Blackberry causes pileup on freeway; WA ready to take action

Proof that people really do text and drive: A Blackberry-tapping driver caused a huge accident on Washington state's I-5. Legislators seize the moment to swing into action.
Written by Richard Koman, Contributor

Coming on the heels of reports the Seattle Post-Intelligencer.

Washington state's lawmakers have turned their focus away from a ban on using a cellphone while driving to the apparently more dangerous activity of making it illegal for drivers to text on the open road.

Younger drivers are the target for House Bill 1214, which says: "A person operating a moving motor vehicle while reading, manually writing or sending a message on an electronic wireless device is guilty of a traffic infraction."

A similar bill by Rep. Dawn Morrell would prohibit teenagers with intermediate licenses from using cell phones to talk or text-message in the car.

"I realized how much attention it takes, and I found out they were doing it routinely while driving," she said. "If you can imagine reading and writing while operating a vehicle, you see the distraction is too dangerous," said Rep. Joyce McDonald.

There is still an ongoing push to ban drivers from using cellphones without hands-free devices. If caught tapping away while rolling along, the fine would be akin to a secondary traffic infraction, or $101 fine if the driver is caught while committing another offense, such as speeding.

Five other states have passed similar legislation requiring drivers to use hands-free devices. Other states include New York, New Jersey, California and Washington, D.C.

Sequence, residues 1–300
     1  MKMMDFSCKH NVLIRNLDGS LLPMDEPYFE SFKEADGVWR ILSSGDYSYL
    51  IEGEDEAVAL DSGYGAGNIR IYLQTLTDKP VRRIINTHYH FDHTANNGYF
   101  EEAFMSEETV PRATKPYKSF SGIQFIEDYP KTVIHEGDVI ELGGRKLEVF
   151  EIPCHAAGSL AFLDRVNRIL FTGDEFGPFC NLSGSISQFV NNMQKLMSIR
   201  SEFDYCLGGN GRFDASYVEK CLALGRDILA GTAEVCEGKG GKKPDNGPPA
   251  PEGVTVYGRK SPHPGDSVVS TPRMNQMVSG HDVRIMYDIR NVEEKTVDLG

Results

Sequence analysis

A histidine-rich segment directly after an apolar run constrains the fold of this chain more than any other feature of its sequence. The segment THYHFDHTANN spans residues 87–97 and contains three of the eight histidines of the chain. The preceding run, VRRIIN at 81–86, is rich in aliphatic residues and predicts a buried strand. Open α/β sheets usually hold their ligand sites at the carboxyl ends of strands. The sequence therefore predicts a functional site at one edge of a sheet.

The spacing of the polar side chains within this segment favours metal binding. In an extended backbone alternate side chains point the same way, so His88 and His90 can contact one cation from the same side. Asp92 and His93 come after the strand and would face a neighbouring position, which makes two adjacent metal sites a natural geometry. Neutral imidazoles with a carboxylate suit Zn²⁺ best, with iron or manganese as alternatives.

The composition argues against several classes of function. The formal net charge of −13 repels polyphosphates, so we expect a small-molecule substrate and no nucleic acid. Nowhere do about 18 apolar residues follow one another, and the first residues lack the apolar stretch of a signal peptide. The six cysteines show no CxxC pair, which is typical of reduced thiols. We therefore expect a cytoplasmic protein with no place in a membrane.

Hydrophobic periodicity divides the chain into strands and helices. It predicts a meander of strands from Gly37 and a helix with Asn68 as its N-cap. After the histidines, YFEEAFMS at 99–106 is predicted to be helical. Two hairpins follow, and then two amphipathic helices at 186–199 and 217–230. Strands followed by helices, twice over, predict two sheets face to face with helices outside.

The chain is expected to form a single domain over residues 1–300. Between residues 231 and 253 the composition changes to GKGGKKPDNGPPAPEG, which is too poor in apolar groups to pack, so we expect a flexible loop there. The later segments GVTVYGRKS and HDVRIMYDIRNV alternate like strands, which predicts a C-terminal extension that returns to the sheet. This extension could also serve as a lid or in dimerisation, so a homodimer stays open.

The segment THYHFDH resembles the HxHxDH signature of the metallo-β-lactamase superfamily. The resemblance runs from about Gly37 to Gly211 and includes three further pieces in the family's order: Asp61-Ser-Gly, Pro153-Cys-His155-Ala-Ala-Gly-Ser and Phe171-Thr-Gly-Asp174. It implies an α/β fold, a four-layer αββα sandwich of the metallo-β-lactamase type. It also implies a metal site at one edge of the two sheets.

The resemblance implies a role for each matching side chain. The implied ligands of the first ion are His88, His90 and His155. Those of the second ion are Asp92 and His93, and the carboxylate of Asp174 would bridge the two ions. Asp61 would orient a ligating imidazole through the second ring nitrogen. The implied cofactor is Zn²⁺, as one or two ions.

"People are getting more and more attuned to the distraction that they hold, so it probably has as good of a chance as ever to pass," said House Majority Leader Lynn Kessler.

Matt Sundeen, who follows transportation issues for the National Conference of State Legislatures, a bipartisan policy think tank, says the reason that similar bills have not passed is because of legislators' addiction to talking and driving.

"Everybody will agree that driving with a cell phone is distracting. The question is whether it is distracting enough to warrant legislation," Sundeen said. "Cell phones are not something like drunk driving, where there's really no value to it. They allow people to talk to their loved ones, keep in contact with friends or do business."
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